Neall Promises No Major Shake-up During Transition

November 14, 1990|By Samuel Goldreich | Samuel Goldreich,Staff writer

County Executive-elect Robert R. Neall unveiled his transition plans yesterday, promising no dramatic shake-up of the outgoing Lighthizer administration.

"I don't intend to come in like a typhoon and turn anything upside down," Neall said during his first press conference in the county executive's office in the Arundel Center.

He said last week that he expects to keep most of Lighthizer's team until next summer to help him navigate union negotiations and his first budget.

Throughout his campaign, Neall pledged to bring more efficient management to the county and took special aim at the generous salaries and benefits package for top county administrators.

But he announced no plans for personnel changes and said that political appointments of agency chiefs could continue through June 1991 as a 13-member executive committee reviews county management, staffing, finances, goals and objectives.

To avoid people pursuing "hidden agendas" during the next six months, Neall said nobody on the committee will find a job in his administration.

The committee is heavily weighted with local attorneys and business owners, whom Neall said he chose for their independent opinions and guidance.

"I'm not really interested in having a bunch of people tell me what they think I want to hear," he said.

The group will be headed by Donald E. Riddle Jr., president of Homestead Gardens Nursery in Davidsonville, who served as chairman of Neall's campaign advisory committee.

Other committee members include Dallas Evans, an Annapolis Republican activist and member of the city's Black Political Forum; Delegate John Gary, R-Millersville; attorney Michael A. Pace, a former president of the Crofton Civic Association and who headed Lighthizer's transition team eight years ago; and outgoing County Councilman Michael F. Gilligan, D-Glen Burnie, who worked for Neall's campaign behind the scenes after losing in the Democratic primary.

Asked why the executive committee does not include members drawn from the leadership of county civic associations, Neall said the group is intended to "siphon and filter through all the recommendations" of 10 issues-study groups that will be named by the end of the week.

The study groups will include as many as 200 people, whom Neall said will "be replete with citizens' associations and community members and advocates for the poor." He said they will also include people active in Anne Arundel Taxpayers for Responsive Government, the group that backed ballot Question D, a failed effort to set a cap on county property tax revenues.

Neall, who is awaiting official confirmation of his election while his Democratic challenger seeks a ballot recount, has revealed little about his specific plans since beating outgoing County Councilman Theodore J.

Sophocleus by a margin of 51 to 49 percent.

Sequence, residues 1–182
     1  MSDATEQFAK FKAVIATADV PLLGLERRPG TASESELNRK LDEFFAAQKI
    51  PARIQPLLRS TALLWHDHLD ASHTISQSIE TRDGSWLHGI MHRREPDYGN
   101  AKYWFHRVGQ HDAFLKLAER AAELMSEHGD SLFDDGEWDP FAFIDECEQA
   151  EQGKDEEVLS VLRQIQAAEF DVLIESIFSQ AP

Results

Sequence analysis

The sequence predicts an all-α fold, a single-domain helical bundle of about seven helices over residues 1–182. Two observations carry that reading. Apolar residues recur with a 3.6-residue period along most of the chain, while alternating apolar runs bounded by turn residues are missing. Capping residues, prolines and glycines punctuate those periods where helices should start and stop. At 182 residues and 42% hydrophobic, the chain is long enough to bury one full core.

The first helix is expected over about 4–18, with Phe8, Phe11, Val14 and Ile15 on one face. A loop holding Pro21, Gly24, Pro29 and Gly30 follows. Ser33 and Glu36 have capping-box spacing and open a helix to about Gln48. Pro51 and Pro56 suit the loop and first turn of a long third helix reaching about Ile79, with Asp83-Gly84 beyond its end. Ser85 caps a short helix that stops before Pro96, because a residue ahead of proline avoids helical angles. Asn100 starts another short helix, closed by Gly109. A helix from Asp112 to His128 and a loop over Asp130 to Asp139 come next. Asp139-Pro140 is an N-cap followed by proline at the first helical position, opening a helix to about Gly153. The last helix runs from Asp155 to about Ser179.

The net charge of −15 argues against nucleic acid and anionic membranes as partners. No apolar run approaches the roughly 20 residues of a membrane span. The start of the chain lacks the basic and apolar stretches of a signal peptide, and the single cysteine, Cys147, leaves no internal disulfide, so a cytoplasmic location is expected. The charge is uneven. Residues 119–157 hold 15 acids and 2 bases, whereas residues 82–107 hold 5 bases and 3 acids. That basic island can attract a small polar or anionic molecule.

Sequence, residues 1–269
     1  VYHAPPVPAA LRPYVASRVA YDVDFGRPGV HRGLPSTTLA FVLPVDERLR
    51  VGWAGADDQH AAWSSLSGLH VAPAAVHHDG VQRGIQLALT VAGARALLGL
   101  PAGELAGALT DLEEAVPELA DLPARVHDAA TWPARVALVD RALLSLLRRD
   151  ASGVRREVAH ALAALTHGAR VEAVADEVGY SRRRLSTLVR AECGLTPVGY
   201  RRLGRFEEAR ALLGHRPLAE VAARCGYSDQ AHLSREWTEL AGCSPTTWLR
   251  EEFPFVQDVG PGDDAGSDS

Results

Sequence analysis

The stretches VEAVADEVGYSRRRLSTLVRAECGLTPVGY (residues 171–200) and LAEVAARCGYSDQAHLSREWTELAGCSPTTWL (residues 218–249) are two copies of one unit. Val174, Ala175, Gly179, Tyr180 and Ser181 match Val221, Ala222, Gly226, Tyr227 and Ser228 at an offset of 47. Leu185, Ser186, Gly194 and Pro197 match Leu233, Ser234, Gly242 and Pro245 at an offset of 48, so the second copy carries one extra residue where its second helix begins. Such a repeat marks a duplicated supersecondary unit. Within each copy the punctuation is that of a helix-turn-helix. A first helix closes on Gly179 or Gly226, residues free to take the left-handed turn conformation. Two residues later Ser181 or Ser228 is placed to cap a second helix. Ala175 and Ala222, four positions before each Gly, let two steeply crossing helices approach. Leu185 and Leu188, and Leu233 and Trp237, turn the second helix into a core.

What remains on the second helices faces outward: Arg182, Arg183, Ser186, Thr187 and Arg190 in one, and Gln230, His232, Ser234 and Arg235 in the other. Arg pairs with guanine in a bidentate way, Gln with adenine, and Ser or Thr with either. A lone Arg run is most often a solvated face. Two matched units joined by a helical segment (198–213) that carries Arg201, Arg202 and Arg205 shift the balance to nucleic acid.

In trademark "bureaucratese," Neall said he will focus his energies "with an eye toward closing the fiscal 1991 year in a solvent position, without any negative variances."

That means he will watch county finances closely during the economic downturn for any signs of a budget deficit.

The biggest potential drain on taxpayers' money will develop in the coming months as the county's 11,000 public employees line up for new contracts. Only one public employee union -- the professional firefighters -- endorsed Neall's campaign, while the others signed on with Sophocleus.

Gordie Hatt, a member of the union's political action committee, said election night that the firefighters received no promises from Neall but "the fire department has to grow with the county and that hasn't happened."

Whether it will happen under the new administration remains an open question, said Neall's transition chief of staff Robert Dvorak, a former fire administrator under Lighthizer who helped Neall win the union nod.

"I told the firefighters, 'If you think you're going to have a free ride (with Neall), don't expect that. Because you're going to have to go down and make your case,' " said Dvorak, who also served in senior administrative positions under Lighthizer's two Republican predecessors.

Neall made a point of singling the firefighters out in his victory speech last week, but only as a demonstration that his administration will not be hobbled by "special interests."

Councilman Edward C. "Buddy" Ahern, D-Pasadena, who lost his bid for a fifth term, praised Dvorak as a capable man to lead Neall through what are expected to be contentious labor negotiations.

After a salary freeze in 1983, when Lighthizer inherited a budget deficit, county employees, especially teachers, have won hefty raises in two three-year contracts.

But with shrinking county revenues this year, Ahern predicted Neall will face "eyeball-to-eyeball negotiations and year-by-year contracts."

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